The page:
Study: 730 nm Picosecond Laser for Treatment of Lentigines

A recent study delved into how well the 730 nm picosecond-domain laser could treat facial and non-facial lentigines in patients.

A prospective, IRB-approved study published in the Lasers in Surgery and Medicine journal investigated the safety and efficacy of the 730nm picosecond-domain laser for the clearance of lentigines and how the short picosecond pulses affect the tissue histologically.1

There were 20 patients with Fitzpatrick skin types II-IV enrolled in the trial and they received 4 treatments from the laser. Photos were taken before and after treatment then assessed by blinded reviewers at 4- and 12-week follow-up visits by a 5-point clearance scale, and patient satisfaction was measured on a 5-point scale. An investigator Global Improvement Score (IGIS) was evaluated with an 11-point clearance scale at the 4- and 12-week follow-up, also. The patients pain level was measured from 0 (no pain) to 10 (extreme pain) and the histology of 730 and 532 nm picosecond pulses was compared to 755 and 532 nm nanosecond pulses.

Out of the 20 patients enrolled, 16 completed all the study visits, with a mean age of 63 years and 75% were female and 25% were male. These 16 patients had 118 treatment areas, each of which included 1 to 20 lesions and 30 body regions were studied (arms (6), hands (16), scalp (1), forehead (2), face (3), and back (2)). The spot sizes ranged from 2 to 5 mm diameters were used with fluences ranging from 0.8 to 4.0 J/cm2.

The mean pain score was 3.6 out of 10 for each of the 4 treatments that the patients received. When the photos of the treated skin were assessed by the blind investigators, only 1 photo at 4 weeks were misidentified as a post treatment photo, leading to 99% of randomly paired 4-week posttreatment images and 100% of 12-week posttreatment images were correctly identified.

The mean scores of IGIS were 6.7 at the 4 week follow up and 7.0 at the 12 week follow up visits with 76% and 73% of patients respectively were satisfied to highly satisfied. The mean clearance score for the 118 treatment areas was 3 of 4 at follow up visits. At the 12 week follow up, 36% of the 118 treatment areas has a clearance score of 4 and 38% had a score of 3. The adverse event (AEs) experienced were considered typical by study authors and included erythema, edema, dryness, crusting, and itching.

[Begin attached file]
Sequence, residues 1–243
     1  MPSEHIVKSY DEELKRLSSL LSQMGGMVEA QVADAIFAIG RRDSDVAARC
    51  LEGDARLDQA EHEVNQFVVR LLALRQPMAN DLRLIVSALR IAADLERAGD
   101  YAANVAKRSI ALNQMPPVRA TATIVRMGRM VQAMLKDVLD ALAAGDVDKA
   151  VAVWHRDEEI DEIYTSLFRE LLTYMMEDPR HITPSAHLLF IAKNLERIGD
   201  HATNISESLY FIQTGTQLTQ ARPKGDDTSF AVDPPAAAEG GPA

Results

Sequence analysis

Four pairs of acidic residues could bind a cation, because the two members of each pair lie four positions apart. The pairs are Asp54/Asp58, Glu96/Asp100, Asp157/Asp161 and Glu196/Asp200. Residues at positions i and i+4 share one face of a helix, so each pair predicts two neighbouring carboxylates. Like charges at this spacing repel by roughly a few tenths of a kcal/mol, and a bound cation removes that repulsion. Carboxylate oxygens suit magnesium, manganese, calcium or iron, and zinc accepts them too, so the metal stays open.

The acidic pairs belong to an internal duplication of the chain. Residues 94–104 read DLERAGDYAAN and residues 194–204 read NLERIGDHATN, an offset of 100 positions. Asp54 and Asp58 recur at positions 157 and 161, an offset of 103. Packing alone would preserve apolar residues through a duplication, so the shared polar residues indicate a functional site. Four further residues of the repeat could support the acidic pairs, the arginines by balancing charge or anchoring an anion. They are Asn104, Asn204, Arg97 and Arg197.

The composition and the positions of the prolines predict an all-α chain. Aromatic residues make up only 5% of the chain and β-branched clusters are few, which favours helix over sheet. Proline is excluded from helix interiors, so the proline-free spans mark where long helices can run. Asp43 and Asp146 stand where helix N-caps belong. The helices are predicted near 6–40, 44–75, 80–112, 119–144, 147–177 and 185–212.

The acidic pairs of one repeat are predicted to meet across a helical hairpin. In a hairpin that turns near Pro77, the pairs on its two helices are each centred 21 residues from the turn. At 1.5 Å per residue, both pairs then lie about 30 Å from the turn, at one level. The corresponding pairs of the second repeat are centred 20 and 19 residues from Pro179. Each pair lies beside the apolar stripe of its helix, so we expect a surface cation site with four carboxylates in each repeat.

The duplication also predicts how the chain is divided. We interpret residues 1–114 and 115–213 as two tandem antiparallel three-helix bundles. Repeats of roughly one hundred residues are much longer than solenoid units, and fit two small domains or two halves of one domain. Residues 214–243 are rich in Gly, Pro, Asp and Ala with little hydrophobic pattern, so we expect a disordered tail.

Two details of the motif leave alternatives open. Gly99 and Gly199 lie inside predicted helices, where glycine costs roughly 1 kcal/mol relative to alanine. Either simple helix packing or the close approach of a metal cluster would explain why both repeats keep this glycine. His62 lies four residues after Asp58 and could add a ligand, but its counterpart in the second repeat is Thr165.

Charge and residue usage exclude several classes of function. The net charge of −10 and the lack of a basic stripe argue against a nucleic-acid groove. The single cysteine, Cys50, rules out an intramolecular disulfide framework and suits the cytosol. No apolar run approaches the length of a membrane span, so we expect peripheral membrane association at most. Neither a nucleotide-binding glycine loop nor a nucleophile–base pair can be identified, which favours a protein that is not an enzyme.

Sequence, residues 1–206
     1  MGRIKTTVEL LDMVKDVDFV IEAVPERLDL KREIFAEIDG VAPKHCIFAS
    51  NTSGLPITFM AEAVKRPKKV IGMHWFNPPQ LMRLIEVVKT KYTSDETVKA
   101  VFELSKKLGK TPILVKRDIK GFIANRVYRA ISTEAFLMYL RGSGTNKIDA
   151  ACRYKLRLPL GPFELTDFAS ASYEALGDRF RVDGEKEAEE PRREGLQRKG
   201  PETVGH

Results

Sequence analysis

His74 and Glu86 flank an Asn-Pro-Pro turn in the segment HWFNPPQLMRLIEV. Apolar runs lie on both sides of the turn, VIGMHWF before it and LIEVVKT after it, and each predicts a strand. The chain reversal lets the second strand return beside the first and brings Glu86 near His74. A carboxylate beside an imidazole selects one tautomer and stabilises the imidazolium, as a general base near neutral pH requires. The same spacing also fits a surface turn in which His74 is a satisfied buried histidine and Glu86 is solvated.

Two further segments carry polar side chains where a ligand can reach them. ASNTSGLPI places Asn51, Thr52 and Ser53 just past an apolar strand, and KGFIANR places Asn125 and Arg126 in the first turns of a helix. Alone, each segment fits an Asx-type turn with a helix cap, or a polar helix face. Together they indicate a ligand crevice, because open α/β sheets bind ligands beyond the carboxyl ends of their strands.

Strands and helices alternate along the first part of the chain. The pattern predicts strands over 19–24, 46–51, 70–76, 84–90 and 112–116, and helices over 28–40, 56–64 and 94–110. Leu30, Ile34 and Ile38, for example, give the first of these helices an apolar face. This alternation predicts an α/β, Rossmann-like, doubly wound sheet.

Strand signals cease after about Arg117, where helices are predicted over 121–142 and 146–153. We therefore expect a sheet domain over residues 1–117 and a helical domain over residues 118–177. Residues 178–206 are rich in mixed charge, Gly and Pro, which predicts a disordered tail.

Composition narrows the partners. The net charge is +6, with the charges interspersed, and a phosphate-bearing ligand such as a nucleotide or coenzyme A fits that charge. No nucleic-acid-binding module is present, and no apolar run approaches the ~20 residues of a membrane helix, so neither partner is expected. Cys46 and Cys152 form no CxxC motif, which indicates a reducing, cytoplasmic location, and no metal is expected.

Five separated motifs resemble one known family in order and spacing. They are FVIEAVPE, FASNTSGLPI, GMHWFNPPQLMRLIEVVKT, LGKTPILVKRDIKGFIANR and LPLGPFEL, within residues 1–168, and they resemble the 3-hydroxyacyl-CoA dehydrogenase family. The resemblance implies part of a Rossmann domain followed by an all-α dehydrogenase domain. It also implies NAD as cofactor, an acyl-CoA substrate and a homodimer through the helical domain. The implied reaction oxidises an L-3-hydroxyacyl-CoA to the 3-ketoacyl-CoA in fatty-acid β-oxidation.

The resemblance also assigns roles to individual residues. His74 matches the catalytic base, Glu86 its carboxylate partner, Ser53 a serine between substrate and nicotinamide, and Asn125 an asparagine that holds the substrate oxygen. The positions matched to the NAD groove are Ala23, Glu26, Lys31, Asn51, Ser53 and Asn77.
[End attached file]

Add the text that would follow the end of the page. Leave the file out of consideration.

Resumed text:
Histology showed diffuse, focal epidermal vacuolization ~5–10 µm in diameter and mild extravasation of erythrocytes with 730 nm picosecond pulses, according to the study authors, while diffuse epidermal vacuolization was observed in the joining of vacuoles (~20–100 µm), junctional clefting and mild extravasation of erythrocytes with 755 nm nanosecond pulses.

“Picosecond pulses of the wavelength of 532 nm produced diffuse, focal epidermal vacuolization and larger dermal vacuoles to depths of 500 µm, while 532 nm nanosecond pulses produced diffuse epidermal vacuolization with coalescence of vacuoles and marked dermal hemorrhage,” wrote study authors.

The 730 nm picosecond-domain laser for the clearance of lentigines has shown potential for treatment according to the study, which good clearance, safety, and patient satisfaction in patients with skin type II-III. The histology found the laser produces excellent selectively for pigment with minimal disruption of the dermal-epidermal junction and may reduce healing times or AEs, according to the study authors.

Further investigation needs done on darker skin tones, according to the study authors.

Reference:

1. Kauvar ANB, Sun R, Bhawan J, et al. Treatment of facial and non-facial lentigines with a 730 nm picosecond titanium: Sapphire laser is safe and effective. Lasers in Surgery and Medicine. n/a(n/a). doi:10.1002/lsm.23450